In response to the concerns expressed by the Dutch public health service that the Netherlands is “insufficiently prepared” for future pandemics, the government reserved a promising €300 million yearly budget to improve epidemic preparedness. Today we explore what the Netherlands can do to accelerate the end of COVID-19 while preparing for future pandemics.
Frederik Kristensen, the deputy CEO of the Coalition for Epidemic Preparedness Innovations (CEPI), spoke with Cordaid to explore how CEPI’s work can benefit epidemic preparedness in the Netherlands and the rest of the world.
Cordaid partners with CEPI, a global partnership investing in vaccine development, to mobilise support for epidemic preparedness; a central element to ensure healthy lives for all.
The Netherlands can prepare better for pandemics
According to a recent survey conducted by Validators in the Netherlands, 70% of the Dutch population believes that the government should invest more in vaccine research in preparation for future pandemics.
Cordaid advocates that the Netherlands should allocate €25 million per year (or 8% of the yearly epidemic preparedness budget) to CEPI, whose work ensures that the world invests in the vaccines we need to protect ourselves.
“The world is severely unprepared to face any kind of disease with an epidemic potential.”
Back in 2020, to many, a global pandemic was a scenario that only seemed possible in movies. But CEPI already had ongoing research with Oxford University on a coronavirus vaccine for another disease, called MERS, which emerged in the Middle East in 2013. The step-ahead that CEPI had on coronaviruses allowed it to quickly adapt existing research to support vaccine development with AstraZeneca and Moderna, amongst other vaccine manufacturers, which turned out to save millions of lives across the globe.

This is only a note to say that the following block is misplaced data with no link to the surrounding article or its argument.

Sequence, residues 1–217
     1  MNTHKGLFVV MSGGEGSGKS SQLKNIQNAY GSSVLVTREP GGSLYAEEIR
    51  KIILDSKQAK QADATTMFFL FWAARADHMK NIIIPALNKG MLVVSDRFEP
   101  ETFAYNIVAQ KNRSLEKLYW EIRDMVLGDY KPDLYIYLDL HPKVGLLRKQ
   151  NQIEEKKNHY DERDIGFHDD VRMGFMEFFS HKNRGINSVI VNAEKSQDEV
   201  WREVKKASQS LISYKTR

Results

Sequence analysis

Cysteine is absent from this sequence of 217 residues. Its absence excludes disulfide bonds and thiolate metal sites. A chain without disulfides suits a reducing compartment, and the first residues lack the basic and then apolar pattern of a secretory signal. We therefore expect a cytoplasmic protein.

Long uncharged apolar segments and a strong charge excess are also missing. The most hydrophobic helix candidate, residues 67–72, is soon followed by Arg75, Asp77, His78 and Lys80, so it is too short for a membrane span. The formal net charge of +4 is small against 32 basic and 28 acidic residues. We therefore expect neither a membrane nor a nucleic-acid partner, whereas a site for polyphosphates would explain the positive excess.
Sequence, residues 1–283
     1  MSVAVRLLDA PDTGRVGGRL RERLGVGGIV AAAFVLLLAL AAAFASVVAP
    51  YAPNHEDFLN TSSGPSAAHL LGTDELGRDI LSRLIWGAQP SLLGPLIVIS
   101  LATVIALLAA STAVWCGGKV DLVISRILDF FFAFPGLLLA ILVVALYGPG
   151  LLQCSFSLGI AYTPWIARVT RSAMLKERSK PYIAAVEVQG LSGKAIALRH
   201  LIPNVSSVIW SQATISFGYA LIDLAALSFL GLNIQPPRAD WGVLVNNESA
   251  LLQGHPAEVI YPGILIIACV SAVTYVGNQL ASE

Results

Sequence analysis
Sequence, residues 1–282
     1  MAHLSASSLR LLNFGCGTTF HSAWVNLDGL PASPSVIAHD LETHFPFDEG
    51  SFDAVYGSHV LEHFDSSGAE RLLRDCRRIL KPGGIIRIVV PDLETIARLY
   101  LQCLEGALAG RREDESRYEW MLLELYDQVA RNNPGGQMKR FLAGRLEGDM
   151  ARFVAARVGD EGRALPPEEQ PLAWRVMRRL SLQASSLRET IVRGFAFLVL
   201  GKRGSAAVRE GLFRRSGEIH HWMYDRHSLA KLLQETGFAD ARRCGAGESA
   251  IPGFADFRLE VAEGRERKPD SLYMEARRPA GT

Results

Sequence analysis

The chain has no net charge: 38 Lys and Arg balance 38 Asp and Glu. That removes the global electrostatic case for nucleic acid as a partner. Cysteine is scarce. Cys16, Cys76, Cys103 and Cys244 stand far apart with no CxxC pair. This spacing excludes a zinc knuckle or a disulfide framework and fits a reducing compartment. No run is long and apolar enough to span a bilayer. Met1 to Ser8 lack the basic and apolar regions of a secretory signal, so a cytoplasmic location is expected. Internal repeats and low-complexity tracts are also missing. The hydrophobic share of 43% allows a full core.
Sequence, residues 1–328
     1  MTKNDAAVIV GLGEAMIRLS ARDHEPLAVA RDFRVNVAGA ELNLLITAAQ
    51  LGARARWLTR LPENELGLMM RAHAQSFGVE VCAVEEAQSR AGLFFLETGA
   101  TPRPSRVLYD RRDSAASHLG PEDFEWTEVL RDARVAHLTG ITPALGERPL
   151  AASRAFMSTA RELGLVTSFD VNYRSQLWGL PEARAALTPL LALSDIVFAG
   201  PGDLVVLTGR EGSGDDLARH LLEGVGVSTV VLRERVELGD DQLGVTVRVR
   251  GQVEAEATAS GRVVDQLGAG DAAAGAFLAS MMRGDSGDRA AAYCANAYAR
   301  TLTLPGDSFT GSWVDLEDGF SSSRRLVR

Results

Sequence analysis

A strong global coalition for healthier lives for all
“The world is severely unprepared to face any kind of disease with an epidemic potential”, says Kristensen. “Learning from Ebola, there was a need for public-private partnerships to develop vaccines and prepare against the diseases that, according to the World Health Organisation, can potentially turn into epidemics. In this coalition, governments, private companies, philanthropies and civil society organisations can come together and work towards having those vaccines ready for when a new viral outbreak emerges.”
“It is 100% certain that pandemics will be a part of our future. The uncertainties are: when, how often and how severe.”
According to Kristensen, epidemic and pandemic preparedness is like any part of a country’s agenda for national security. “The Dutch government needs to make sure that they strengthen their own national capabilities and competencies to respond to viral outbreaks. But they should also support international collaboration. We need a coalition of willing partners. Only together we can make sure that the world is better prepared for the future.”
Now is the time to act
Why invest now to prepare for a pandemic which hasn’t occurred yet? “Because of an increasing population density, environmental changes, and our growing capacity to travel across the globe, pandemics will happen again.”
In March 2022, CEPI holds its Global Pandemic Preparedness Summit in London to call on governments, philanthropies and private sector organisations to pledge towards their $3.5 billion plan. This plan aims to achieve three game-changing goals:
- to prepare against the twenty priority diseases with epidemic potential and to develop a variant-proof COVID-19 vaccine;
- to transform our response to pandemics by developing a library of vaccines prototypes and reducing the vaccine development timeline against new life-threatening viruses to just 100 days;
- to connect global collaboration and enhance global preparedness.
Global pandemics cause tremendous harm. COVID-19 not only directly affected people’s health and lives everywhere, but it also reversed decades of efforts and investments to achieve universal health coverage and safeguard human rights. Cordaid urges the Netherlands to contribute to global pandemic preparedness by supporting CEPI’s ambitious plan.
Kristensen concludes: “The essential Dutch support for CEPI of €25 million per year over the next five years would create a win-win situation, for both global preparedness and for the Netherlands.”